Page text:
(ORDO NEWS) — Near the surface of Mercury there may be many diamonds. This suggestion was made by Kevin Cannon of the Colorado School of Mines on March 10 at the Lunar and Planetary Science Conference in Houston.
“The pressure wave from impacting asteroids and comets can transform graphite into diamond,” says Cannon. “So there could be a lot of diamonds near the surface.”
Diamond is an allotropic form of carbon that is formed at high pressure from other forms, such as graphite. Scientists calculated that when young Mercury was covered in oceans of magma, a layer of graphite floated on top of them.
In addition, Mercury experienced twice the intensity of the Late Heavy Bombardment – a period of large numbers of meteorites falling 4.1-3.8 billion years ago.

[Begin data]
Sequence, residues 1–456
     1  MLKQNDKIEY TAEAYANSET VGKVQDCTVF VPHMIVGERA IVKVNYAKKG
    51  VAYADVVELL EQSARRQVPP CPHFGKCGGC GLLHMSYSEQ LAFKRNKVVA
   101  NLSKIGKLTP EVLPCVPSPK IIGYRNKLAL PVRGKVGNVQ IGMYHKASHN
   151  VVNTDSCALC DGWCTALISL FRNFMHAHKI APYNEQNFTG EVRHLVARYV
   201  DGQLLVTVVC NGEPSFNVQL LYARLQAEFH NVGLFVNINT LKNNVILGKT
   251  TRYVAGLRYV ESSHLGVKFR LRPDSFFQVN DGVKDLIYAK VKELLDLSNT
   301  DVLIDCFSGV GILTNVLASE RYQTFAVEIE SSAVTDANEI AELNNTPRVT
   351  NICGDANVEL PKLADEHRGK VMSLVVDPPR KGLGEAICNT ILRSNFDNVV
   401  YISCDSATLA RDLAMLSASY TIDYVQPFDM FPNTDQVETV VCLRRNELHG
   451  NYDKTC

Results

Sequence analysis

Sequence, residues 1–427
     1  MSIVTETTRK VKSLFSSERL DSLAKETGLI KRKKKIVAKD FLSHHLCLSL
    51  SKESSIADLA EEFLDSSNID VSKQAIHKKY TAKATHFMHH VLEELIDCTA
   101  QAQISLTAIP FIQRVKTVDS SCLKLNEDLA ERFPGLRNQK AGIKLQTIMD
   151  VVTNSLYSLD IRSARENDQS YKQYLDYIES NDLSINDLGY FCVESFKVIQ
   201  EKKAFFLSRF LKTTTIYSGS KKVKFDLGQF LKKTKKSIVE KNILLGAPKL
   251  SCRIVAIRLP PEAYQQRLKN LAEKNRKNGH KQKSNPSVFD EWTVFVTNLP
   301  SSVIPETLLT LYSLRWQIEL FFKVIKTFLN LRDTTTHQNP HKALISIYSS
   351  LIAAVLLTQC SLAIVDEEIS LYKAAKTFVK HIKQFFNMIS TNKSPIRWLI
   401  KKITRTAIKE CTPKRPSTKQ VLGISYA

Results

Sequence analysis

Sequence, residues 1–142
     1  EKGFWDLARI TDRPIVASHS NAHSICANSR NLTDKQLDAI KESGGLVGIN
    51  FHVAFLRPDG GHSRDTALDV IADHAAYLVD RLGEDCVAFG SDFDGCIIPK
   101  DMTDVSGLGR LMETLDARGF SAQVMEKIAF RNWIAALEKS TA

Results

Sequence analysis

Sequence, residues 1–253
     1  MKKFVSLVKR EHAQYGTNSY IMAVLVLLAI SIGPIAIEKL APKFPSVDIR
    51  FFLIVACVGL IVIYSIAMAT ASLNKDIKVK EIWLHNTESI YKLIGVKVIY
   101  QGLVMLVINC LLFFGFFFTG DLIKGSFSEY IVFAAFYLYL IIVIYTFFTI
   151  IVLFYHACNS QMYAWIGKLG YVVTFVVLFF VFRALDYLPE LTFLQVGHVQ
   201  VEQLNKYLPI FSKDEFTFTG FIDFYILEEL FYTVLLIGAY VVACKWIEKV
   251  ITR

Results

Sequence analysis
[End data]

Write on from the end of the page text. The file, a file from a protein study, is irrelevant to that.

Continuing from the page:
Cannon modeled the effects of frequent asteroid impacts on the upper 20 kilometers of Mercury’s crust over billions of years.
According to his calculations, a layer of graphite could reach a hundred meters, and the impact pressure of asteroids would be enough to turn 30-60 percent of this layer into diamonds.
In favor of the possibility of this, the finds on Earth of many diamond-bearing meteorites, such as Almahata Sitta, which fell on the Nubian desert in 2008, also speak.
It will be possible to test this hypothesis in 2025, after the arrival of the European-Japanese apparatus BepiColombo with many cameras and spectrometers to Mercury.
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